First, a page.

Polyneices had challenged his brother's claim to the throne of the city Thebes, attacked the city with an army from Argos. Eteocles fought for Thebes to defend the city against his army; the two killed one another by each stabbing the other in the heart. Ashoka known as Chand-Ashoka, killed his real brothers as punishment for the king's death and quarrel for the kingdom. On, Ashoka conquered Greater India entire, before he adopted Buddhism and forsook war. In Shakespeare's Hamlet, Claudius marries his wife to take the throne. In the animated Disney film The Lion King, Scar commits fratricide on Mufasa. In the religious horror film Mother!, the older brother commits fratricide on the younger brother, as a retelling of the story of Cain and Abel. In the American crime film The Godfather Part II, Michael Corleone kills his older brother. In the Disney superhero film Black Panther, T'Chaka kills his younger brother, N'Jobu, in defense of Zuri, a Wakandan warrior. In Shahnameh, the national epic of Greater Persia, we can see many fratricides.
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The 2006 Tampa Bay Buccaneers season was the franchise's 31st season in the National Football League the 9th playing their home games at Raymond James Stadium, the 5th under head coach Jon Gruden. The team failed to improve on their 11–5 record in 2005, tumbled to a 4–12 record and missed the playoffs for the first time since 2004; the next season in 2007, saw the Buccaneers taking a 9–7 record, but it would be the last time the Bucs made the playoffs as of the 2019 season. After winning their division in 2005, the Buccaneers suffered through an abysmal 2006 season; the season was plagued by injuries, with starters such as G Dan Buenning, WR Michael Clayton, RB Carnell Williams, DE Simeon Rice, CB Brian Kelly, QB Chris Simms all being placed on injured reserve at some point in the season. The season saw a lot of rookies starting for the Bucs, such as QB Bruce Gradkowski, T Jeremy Trueblood, G Davin Joseph; the league schedule was unfriendly to the Bucs, scheduling them for 3 games within 11 days of each other.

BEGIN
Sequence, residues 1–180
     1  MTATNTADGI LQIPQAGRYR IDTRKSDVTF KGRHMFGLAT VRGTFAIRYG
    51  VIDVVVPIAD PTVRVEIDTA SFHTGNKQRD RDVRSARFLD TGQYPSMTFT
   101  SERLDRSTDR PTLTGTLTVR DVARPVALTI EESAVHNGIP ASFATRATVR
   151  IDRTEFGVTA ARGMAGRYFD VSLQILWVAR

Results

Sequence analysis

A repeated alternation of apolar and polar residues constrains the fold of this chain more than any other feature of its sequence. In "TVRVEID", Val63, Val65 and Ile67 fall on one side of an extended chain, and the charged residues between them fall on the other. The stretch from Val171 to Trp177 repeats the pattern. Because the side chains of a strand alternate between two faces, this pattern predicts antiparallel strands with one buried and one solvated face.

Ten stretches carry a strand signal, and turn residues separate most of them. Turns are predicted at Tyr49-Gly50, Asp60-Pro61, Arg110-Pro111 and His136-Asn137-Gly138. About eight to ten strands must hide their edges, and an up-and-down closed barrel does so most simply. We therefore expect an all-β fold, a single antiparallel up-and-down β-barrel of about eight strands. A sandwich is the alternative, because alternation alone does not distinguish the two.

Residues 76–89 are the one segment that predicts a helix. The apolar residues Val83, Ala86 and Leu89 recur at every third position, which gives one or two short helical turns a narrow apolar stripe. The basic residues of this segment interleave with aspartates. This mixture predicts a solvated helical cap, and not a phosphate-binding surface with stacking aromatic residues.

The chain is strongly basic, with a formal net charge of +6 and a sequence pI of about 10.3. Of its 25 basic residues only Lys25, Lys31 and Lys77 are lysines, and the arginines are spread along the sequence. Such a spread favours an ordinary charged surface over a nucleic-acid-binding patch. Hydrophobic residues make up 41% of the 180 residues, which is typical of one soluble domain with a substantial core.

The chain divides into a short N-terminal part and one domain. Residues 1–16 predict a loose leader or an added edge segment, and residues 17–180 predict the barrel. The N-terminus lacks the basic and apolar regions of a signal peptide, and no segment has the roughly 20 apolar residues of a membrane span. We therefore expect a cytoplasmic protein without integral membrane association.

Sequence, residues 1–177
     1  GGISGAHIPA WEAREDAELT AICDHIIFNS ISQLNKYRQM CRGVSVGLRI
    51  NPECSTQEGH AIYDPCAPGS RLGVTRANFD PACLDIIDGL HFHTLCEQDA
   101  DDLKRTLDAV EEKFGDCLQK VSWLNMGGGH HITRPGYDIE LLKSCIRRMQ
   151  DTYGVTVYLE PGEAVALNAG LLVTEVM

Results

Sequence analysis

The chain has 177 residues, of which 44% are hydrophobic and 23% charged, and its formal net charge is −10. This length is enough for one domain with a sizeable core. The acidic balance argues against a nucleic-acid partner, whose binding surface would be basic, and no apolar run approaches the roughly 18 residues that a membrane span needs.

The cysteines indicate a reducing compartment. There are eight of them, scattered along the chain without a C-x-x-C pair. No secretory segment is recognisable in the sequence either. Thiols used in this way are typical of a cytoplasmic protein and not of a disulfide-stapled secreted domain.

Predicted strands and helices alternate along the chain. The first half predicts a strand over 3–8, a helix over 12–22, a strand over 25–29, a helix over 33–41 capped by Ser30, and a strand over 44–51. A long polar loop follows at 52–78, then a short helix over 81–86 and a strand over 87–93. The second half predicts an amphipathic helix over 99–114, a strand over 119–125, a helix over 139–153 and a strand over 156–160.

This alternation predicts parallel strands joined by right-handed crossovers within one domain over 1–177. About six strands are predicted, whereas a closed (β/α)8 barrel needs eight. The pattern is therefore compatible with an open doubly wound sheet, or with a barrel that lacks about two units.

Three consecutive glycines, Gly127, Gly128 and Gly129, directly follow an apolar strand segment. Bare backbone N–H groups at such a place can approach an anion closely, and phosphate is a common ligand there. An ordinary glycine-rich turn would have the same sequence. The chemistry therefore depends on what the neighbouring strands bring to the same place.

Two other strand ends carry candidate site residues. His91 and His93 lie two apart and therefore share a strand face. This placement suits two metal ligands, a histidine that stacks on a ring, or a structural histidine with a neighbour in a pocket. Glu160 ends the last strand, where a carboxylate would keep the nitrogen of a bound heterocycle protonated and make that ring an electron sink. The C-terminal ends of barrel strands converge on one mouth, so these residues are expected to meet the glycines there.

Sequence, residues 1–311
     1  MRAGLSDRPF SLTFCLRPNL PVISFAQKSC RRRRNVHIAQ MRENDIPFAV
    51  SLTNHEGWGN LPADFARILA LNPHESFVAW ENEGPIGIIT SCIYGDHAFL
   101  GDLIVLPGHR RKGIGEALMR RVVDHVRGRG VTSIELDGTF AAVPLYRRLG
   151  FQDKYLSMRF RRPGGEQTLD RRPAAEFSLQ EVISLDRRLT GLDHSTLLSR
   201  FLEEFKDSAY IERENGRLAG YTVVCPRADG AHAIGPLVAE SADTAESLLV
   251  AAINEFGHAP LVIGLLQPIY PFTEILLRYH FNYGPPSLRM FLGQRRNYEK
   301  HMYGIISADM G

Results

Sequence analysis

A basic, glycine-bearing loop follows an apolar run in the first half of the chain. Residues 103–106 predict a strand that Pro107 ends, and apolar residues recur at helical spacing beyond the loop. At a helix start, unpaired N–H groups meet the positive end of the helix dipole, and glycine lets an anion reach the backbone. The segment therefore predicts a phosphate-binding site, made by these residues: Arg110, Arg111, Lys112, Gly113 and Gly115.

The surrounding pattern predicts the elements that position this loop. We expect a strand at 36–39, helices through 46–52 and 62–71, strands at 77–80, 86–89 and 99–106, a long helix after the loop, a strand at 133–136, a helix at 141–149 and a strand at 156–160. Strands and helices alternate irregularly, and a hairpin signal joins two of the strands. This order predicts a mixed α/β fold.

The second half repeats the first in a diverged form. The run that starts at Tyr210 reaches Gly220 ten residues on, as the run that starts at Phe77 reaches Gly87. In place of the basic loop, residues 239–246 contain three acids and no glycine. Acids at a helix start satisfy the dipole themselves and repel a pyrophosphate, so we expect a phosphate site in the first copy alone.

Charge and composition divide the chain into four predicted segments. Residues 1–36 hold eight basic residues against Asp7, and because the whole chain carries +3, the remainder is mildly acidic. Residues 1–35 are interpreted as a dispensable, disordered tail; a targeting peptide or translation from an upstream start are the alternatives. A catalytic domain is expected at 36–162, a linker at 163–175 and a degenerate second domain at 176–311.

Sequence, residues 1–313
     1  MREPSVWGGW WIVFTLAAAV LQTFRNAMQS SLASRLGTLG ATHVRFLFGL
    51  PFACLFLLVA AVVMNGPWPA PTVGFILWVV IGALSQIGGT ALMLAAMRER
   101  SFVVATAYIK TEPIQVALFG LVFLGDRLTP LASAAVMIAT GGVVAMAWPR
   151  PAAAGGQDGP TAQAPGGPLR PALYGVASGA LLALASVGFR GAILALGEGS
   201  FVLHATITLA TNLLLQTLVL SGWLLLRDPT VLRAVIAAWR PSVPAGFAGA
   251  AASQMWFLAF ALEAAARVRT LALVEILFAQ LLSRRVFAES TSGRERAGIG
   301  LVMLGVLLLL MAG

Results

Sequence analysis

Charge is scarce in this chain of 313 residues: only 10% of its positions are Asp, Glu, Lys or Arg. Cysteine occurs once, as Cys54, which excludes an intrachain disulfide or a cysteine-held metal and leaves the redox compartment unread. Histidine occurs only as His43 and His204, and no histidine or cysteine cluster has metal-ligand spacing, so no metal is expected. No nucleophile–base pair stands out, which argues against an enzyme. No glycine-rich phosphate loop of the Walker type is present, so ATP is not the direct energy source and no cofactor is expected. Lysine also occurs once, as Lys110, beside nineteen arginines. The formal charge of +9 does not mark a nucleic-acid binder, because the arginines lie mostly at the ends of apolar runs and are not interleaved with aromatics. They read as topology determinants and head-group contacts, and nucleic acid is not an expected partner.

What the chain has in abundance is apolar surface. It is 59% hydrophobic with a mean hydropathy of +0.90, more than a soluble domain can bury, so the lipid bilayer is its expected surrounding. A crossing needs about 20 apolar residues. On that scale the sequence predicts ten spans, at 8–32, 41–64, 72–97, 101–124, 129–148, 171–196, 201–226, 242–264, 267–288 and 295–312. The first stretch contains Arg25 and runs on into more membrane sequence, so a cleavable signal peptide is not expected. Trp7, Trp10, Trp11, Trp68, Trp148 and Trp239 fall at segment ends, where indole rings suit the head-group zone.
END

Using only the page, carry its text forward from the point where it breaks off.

There was more to the lost season than just injuries, as most of the players put on injured reserve had been done so after the team's 0–3 start, offensive shutouts in the first two games in which no touchdowns were scored by the Buccaneers. The departure of several key defensive coaches and assistants didn't bode well with players, who complained to some in the media of not being able to hear coaches in team meetings. Inconsistent and unorganized are how some players referred to one of the newcomers, who most players had a hard time making the transition from longtime favorites Rod Marinelli and others; some believe the problems in 2006 were rooted in recent years mistakes, lack of salary cap room to bring in high impact free agents, lack of top 50 draft picks over the last 5 or 6 years due to trades, maybe a failure to properly assess talent resulting in a lack of contribution from second day draft picks in recent history. The Bucs started off the season 0–3, with QB Chris Simms throwing only 1 touchdown to 7 interceptions.
In the third game of the season, a last-minute loss to the Carolina Panthers, Simms's spleen was ruptured, he was placed on injured reserve for the rest of the season. After their bye week, the Bucs elected to start rookie quarterback Bruce Gradkowski, a 6th-round pick from Toledo. Gradkowski started off performing decently. People who in hindsight claim the Bucs should have started the more experienced Tim Rattay forget the Bucs nearly upset the New Orleans Saints, went on to win two narrow victories: one, against the Cincinnati Bengals, winning on an overturned call resulting in a touchdown. After these victories, Gradkowski’s performance declined. After a 3–17 loss to the New York Giants in heavy winds, the Bucs proceeded to lose 5 of their next 6 games, leading them to a record of 3–10. In the loss to the Atlanta Falcons, Gradkowski was replaced in the 4th quarter by Rattay. In the first half of the Bucs' next game, against the Chicago Bears, Gradkowski was again replaced by Rattay, who led the team from a 24–3 deficit to a score of 31–31, with three touchdowns in the fourth quarter.